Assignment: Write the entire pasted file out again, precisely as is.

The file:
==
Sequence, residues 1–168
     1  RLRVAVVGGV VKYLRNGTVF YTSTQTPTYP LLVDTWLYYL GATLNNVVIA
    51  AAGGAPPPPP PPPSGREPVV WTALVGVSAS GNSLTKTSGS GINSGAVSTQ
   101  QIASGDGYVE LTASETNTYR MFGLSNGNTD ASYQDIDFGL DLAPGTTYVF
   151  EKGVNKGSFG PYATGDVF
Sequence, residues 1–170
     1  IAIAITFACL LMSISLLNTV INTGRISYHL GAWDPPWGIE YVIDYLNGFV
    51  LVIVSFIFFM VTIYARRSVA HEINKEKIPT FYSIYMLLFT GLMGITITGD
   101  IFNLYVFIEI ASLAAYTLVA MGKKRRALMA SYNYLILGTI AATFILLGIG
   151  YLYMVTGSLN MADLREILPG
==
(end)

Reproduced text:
Sequence, residues 1–168
     1  RLRVAVVGGV VKYLRNGTVF YTSTQTPTYP LLVDTWLYYL GATLNNVVIA
    51  AAGGAPPPPP PPPSGREPVV WTALVGVSAS GNSLTKTSGS GINSGAVSTQ
   101  QIASGDGYVE LTASETNTYR MFGLSNGNTD ASYQDIDFGL DLAPGTTYVF
   151  EKGVNKGSFG PYATGDVF
Sequence, residues 1–170
     1  IAIAITFACL LMSISLLNTV INTGRISYHL GAWDPPWGIE YVIDYLNGFV
    51  LVIVSFIFFM VTIYARRSVA HEINKEKIPT FYSIYMLLFT GLMGITITGD
   101  IFNLYVFIEI ASLAAYTLVA MGKKRRALMA SYNYLILGTI AATFILLGIG
   151  YLYMVTGSLN MADLREILPG